In another case, two original numbers fell into one final published house number. The evidence shows that both House 8 and House 13 refer to No. 15 Church Lane, in the far north of the excavation area. It seems unlikely that two early house designators would cover one later one, but the reason becomes clear if we follow the numbers. Woolley and his excavators initially proceeded in two parallel swaths, one west of the other, both heading north, and the ends of these swaths converged on the same building.
The following animated gif files show the progress of excavation. Numbers in red are securely located (within the general region) by evidence in the notes or catalogue cards. Those in blue are less secure due to lack of evidence, but the red anchor points tend to show that the blue points do belong where they are placed (Note: you will need to click on the image to see the animation).
House 8 field notes indicate some excavation farther north of the north wall, probably in another house that Woolley did not completely excavate and did not report in the final publication. There are, however, a few graves from that area that are on maps. In fact, it appears that House 8 was known as Dead House due to the number of graves there.
Indeed, Woolley and crew often used other designators, like Rail House, Doll’s House, and Dead House, to designate certain areas of the excavation. It is not often clear which particular houses these refer to except in the case of the so-called School House, which is House 27, No. 1 Broad Street. The Khan (No. 11 Paternoster Row) may be House 22, but that is unconfirmed. In fact, most of the numbers 20 and higher are almost never documented so as to be at the moment impossible to locate accurately. We can only say with certainty that they are in the south of area AH. They appear on the last image below in an order that may be close, moving from anchor points like House 18 and 19 over to another anchor point at House 27, but cannot be taken as accurate. They are shown in light blue because there is so little evidence for them.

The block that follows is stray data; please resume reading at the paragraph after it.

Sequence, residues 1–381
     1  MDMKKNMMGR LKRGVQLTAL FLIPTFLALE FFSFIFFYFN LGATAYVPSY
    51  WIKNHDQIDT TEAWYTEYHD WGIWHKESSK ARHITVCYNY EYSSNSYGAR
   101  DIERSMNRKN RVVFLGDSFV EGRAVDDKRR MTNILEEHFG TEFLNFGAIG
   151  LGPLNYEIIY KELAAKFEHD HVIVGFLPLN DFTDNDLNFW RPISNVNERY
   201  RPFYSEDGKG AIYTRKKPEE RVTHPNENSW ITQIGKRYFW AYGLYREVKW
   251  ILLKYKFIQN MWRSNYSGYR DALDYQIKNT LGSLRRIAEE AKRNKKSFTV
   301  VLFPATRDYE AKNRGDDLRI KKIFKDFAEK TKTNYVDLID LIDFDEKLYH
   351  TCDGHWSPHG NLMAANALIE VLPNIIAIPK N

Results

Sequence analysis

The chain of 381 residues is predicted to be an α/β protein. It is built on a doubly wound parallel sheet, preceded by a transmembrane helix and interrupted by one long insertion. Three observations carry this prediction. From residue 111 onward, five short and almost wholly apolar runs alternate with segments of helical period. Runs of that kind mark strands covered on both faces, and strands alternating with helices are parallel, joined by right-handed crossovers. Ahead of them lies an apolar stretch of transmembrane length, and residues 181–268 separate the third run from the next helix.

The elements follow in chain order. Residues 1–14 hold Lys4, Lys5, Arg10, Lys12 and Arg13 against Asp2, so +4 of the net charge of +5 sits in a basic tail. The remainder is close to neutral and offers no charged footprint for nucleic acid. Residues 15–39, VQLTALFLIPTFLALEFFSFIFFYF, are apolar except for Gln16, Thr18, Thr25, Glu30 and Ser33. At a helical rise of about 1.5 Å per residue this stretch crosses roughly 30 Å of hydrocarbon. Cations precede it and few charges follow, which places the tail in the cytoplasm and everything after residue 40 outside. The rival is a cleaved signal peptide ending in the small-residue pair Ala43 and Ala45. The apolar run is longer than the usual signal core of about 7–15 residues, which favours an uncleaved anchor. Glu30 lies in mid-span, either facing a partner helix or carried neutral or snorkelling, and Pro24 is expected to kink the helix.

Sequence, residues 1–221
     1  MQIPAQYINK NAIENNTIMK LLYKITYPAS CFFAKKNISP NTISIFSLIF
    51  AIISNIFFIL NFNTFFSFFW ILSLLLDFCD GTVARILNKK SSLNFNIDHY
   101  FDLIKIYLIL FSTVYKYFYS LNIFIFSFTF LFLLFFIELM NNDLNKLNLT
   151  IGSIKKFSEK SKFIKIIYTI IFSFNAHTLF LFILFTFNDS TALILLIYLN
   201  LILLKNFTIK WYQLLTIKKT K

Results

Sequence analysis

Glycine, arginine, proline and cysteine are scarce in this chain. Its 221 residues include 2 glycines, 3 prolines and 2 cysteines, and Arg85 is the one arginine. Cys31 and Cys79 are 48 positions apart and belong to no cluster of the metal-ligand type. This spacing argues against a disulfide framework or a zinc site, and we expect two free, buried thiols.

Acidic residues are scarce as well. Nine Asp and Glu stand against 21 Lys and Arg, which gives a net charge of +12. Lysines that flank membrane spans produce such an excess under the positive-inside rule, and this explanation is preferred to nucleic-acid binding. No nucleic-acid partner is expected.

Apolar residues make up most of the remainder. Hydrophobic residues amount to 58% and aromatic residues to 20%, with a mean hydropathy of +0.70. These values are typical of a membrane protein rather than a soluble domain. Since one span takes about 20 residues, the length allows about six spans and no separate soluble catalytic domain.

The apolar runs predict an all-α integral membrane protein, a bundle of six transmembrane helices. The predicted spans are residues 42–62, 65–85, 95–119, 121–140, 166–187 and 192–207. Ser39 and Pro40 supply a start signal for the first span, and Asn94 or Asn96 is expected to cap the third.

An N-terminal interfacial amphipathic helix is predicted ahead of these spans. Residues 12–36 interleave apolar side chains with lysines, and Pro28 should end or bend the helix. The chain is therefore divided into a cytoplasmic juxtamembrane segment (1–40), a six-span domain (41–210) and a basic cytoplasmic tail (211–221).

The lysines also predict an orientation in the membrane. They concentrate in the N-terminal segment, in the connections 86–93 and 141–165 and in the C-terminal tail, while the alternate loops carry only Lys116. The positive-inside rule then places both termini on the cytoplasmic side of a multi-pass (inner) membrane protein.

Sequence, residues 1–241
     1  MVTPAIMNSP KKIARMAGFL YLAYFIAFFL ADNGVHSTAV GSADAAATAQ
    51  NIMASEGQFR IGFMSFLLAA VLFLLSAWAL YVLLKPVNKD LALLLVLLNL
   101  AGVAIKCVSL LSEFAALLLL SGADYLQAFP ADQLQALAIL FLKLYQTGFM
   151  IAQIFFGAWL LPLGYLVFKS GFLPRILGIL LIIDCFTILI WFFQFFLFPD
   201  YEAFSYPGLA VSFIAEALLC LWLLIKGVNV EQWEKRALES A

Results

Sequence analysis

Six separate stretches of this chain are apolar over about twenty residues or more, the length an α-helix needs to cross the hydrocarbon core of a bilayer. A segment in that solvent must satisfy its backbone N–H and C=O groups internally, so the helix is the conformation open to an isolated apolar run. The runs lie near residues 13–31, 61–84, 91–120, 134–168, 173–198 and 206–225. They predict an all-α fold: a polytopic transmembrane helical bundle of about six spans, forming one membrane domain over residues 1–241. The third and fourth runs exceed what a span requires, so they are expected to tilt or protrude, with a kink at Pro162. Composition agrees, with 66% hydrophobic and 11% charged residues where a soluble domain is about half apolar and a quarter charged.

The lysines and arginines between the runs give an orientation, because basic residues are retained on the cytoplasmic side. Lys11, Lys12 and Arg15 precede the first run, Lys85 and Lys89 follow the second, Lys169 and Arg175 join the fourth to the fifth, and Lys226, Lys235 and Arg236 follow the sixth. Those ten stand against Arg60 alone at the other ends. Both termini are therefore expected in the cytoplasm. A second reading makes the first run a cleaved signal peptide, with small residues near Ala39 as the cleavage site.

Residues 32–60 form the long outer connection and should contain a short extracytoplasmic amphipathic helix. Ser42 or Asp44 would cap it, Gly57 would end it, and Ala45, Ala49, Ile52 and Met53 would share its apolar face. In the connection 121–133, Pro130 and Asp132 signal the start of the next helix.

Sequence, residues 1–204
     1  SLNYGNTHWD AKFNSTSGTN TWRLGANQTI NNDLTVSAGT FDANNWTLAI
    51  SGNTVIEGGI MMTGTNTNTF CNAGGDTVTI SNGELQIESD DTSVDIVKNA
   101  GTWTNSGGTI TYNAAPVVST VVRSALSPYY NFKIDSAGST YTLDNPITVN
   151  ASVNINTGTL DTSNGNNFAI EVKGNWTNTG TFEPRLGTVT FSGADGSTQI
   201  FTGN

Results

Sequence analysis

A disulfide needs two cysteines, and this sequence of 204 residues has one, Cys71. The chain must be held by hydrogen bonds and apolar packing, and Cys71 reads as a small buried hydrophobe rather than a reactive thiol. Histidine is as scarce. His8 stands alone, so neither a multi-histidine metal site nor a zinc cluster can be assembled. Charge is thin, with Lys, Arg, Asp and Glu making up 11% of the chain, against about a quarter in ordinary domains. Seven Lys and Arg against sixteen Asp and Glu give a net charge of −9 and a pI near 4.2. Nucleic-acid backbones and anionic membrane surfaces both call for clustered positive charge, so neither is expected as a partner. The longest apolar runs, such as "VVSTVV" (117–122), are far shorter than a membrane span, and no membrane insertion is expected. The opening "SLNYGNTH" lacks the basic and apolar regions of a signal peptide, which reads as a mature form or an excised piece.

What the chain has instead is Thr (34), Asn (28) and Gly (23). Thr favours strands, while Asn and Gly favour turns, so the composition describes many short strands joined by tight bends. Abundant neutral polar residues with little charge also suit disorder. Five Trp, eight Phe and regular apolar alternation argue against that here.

So why is any of this important?
The Ur project is reconstructing Woolley’s excavation process in order to understand his work more completely and in order to visualize the uncovered objects in their original locations wherever possible. We can’t reassess Woolley’s work or Ur itself without evidence of his thought process and work progress, and that evidence is to be found in his field notes and early reports. This material is vital for researchers who wish to delve more deeply into the site and come to a better understanding of it through its excavation. And without a correlation of original House numbers to published numbers, artifacts and other evidence from the original notes cannot be placed back into their mapped contexts.